Cooksville Congregational Church, Cooksville, Wis.

Country Church/City Church

Organized religion plays a major role in the culture of our Northern Illinois/Southern Wisconsin region. We enjoy highlighting places of worship, one in the country and one in the city.

“I love the recklessness of faith. First you leap, and then you grow wings.”
–William Sloan Coffin Jr.

Cooksville Congregational Church, Cooksville, Wis.
Cooksville Congregational Church, Cooksville, Wis.

Country Church: Cooksville Congregational Church • Est. 1860

12113 W. State Road 59 Cooksville, Wis.

Cooksville was established in 1842 by John Cook; in 1860, the Congregationalists organized a church, holding services in the schoolhouse until 1879, when they built the church still standing today.
It was designed and built by Benjamin Hoxie, a local self-taught architect, one of the early settlers of Cooksville and its postmaster. The distinctive church features round Italianate arches, Gothic Revival spires (or minarets), varnished interior woodwork, and a hand-painted stained-glass window.
In 1857, the planned railroad to Cooksville was never constructed, and the economic growth it spurred bypassed the village, whose population never rose above 200. The Congregational Church was closed in 1939, and the structure languished over time, losing its bell tower, minarets and front porch.
In the 20th century, Cooksville became well-known as “the town that time forgot,” because of the well-preserved and relatively unspoiled mid-19th-century architecture and its locally made vermilion brick residences.
The church was purchased in 1971 by Michael J. Saternus, a preservation architect, who restored the exterior, including the missing bell tower, minarets and front porch, as well as the interior. It was listed in the National Register of Historic Places in 1973, and in the State Register of Historic Places as part of the Cooksville Historic District.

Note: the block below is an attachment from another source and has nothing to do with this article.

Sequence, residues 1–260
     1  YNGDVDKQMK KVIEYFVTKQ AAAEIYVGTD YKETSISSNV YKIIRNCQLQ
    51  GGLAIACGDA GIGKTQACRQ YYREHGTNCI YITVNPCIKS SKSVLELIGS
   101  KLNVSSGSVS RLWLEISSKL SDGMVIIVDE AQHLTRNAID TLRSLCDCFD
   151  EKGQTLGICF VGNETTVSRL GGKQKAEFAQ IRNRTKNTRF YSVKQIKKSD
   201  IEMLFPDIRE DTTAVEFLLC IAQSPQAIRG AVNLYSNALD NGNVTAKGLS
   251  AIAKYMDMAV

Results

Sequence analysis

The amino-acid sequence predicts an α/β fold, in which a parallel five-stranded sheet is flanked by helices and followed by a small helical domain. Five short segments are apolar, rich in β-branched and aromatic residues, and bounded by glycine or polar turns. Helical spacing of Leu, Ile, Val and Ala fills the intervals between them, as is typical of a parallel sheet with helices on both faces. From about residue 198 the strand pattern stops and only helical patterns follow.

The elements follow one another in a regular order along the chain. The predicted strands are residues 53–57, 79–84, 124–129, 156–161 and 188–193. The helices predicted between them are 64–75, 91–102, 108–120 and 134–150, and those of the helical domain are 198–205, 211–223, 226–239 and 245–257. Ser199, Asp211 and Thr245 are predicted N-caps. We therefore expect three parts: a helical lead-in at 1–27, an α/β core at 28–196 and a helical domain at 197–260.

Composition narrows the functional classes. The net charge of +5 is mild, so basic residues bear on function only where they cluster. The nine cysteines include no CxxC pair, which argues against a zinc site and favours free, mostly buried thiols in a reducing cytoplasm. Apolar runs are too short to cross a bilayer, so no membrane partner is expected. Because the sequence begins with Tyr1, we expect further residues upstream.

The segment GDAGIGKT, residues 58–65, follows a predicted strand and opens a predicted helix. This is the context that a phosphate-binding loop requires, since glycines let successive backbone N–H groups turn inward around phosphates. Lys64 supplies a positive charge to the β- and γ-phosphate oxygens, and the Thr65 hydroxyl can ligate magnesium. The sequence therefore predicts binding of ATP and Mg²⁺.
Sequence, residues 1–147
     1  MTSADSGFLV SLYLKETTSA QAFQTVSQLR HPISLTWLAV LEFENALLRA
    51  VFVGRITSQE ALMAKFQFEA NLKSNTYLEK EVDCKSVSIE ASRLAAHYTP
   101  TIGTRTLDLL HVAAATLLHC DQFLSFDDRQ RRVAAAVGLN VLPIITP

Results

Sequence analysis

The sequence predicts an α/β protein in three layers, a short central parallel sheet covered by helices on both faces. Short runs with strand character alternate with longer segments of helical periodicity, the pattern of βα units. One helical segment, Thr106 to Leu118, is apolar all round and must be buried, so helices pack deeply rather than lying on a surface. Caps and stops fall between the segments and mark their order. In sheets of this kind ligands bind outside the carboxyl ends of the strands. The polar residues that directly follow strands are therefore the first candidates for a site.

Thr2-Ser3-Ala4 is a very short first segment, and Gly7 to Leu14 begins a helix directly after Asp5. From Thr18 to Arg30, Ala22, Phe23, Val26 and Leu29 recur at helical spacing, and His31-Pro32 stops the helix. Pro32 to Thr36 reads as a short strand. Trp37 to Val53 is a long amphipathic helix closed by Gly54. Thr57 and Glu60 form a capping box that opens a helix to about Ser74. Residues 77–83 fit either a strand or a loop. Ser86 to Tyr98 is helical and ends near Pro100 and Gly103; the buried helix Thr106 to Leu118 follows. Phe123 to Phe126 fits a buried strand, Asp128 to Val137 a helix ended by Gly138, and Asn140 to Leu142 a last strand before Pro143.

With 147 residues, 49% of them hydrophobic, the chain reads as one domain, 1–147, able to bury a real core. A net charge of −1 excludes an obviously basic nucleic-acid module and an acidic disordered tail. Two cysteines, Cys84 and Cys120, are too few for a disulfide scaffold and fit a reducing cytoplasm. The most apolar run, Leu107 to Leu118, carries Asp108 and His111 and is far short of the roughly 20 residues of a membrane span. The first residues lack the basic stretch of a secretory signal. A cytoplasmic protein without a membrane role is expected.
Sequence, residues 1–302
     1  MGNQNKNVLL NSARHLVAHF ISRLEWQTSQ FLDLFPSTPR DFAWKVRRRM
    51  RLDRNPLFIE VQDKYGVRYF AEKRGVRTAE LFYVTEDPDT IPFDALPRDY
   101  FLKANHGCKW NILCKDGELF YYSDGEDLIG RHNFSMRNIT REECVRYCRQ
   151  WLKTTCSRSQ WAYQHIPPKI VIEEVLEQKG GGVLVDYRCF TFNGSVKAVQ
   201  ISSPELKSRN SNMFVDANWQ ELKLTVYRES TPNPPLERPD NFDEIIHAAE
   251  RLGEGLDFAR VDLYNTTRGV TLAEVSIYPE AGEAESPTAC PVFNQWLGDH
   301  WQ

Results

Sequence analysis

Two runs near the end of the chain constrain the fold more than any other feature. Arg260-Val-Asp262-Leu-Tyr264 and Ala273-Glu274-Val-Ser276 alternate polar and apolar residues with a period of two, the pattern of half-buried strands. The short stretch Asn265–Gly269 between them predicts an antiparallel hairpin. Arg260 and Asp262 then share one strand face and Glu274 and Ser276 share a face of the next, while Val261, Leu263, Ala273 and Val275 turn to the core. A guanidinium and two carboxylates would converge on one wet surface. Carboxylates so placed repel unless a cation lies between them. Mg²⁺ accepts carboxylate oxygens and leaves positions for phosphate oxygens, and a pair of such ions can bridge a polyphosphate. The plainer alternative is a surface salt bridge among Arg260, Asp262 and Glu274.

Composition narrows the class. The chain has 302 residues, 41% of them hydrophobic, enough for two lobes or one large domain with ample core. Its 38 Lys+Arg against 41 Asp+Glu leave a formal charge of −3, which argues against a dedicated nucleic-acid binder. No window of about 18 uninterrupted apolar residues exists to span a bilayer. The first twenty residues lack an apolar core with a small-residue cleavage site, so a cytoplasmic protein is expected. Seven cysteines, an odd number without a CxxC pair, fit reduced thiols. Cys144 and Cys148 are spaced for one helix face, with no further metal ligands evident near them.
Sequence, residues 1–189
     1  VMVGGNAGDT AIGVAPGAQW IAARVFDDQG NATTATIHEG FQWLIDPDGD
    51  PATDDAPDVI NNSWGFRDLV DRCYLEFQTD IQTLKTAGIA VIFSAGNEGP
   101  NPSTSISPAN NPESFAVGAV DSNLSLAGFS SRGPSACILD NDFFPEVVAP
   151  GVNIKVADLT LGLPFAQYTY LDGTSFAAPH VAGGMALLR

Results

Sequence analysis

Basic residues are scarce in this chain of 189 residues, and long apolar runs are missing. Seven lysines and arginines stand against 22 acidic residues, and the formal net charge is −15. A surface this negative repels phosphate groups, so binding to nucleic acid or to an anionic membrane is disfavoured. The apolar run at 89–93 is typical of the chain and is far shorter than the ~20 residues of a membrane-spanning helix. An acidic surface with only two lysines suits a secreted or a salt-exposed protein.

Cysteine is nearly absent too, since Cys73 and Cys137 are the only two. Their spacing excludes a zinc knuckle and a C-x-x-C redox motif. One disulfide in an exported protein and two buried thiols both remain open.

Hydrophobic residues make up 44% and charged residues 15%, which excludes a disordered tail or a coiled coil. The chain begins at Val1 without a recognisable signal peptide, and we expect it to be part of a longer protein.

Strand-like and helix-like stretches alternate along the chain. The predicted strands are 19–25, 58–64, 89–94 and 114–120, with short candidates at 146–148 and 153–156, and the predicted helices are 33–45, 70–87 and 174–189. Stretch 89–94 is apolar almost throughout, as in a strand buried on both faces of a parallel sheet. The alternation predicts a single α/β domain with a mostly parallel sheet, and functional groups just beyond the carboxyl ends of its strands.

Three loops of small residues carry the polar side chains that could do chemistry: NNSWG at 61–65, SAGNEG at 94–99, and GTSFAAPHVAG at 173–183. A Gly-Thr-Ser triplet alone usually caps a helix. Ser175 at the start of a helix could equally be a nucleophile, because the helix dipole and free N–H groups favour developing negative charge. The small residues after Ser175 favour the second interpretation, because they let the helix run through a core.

Today, the Cooksville Congregational Church is not affiliated with any denomination and is available for weddings and other celebrations. Pews and side benches seat about 120 people, and the building is unheated and without facilities, but facilities across the street at the “parsonage” may be used. For rental information, contact Cooksville historian Larry Reed, (608) 873-5066.

First Baptist Church of Dixon, Ill.
First Baptist Church of Dixon, Ill.

City Church: First Baptist Church of Dixon • Est. 1842

111 E. Second St., Dixon, Ill., (815) 284-6823,

The roots for this church were planted in 1838, when residents of Dixon’s Ferry and Buffalo Grove joined to hold services together, calling themselves the Regular Baptist Church of Dixon and Buffalo Grove. At this time, circuit preachers traveled from town to town, and it was the custom for communities to form such groups and take turns hosting services, in order to secure a large enough congregation to become part of a circuit.
Original Dixon members included Rebecca Dixon, wife of Dixon founder John Dixon, and five of her sisters. The Rev. Thomas Powell was secured to lead the meetings, and he baptized close to 50 members through 1840. By 1841, Dixon’s membership was outpacing Buffalo Grove by a considerable margin, and the two bodies separated in 1842, when Barton Carpenter became pastor of the First Baptist Church of Dixon. The group shared worship space with the Methodists by alternating Sundays, until May 5, 1849, when a Baptist Meeting House was dedicated, on the west side of Ottawa Avenue, facing east, between 1st Street and the alley running through the block.
Pastors came and went over the next 15 years, staying anywhere from a few months to four years, until 1864, when Rev. J.H. Pratt began a 10-year pastorate, the longest in the church’s history. It was during his tenure that the present church was built, the cornerstone laid in October 1869 and the Romanesque-Revival building dedicated in July 1872.
A pipe organ was installed in 1909, and two separate doors in the flanking towers were removed. A new center entrance was installed in the 1950s. A major addition was built during the early 1960s, along with a new set of stairs to the choir loft.
On May 4, 1873, the church was conducting baptisms in the Rock River, and crowds had filled the Truesdell Bridge to watch. Suddenly, the bridge collapsed, drowning 45, 12 from the church’s own ranks. It would be three years before another Baptist baptism, when a baptismal font was installed in the church.
Today, 200 members are led by The Rev. Rachel Cocar. Sunday worship is at 10:30 a.m., with coffee & fellowship at 8:45 a.m. and Sunday School for all ages at 9:15 a.m.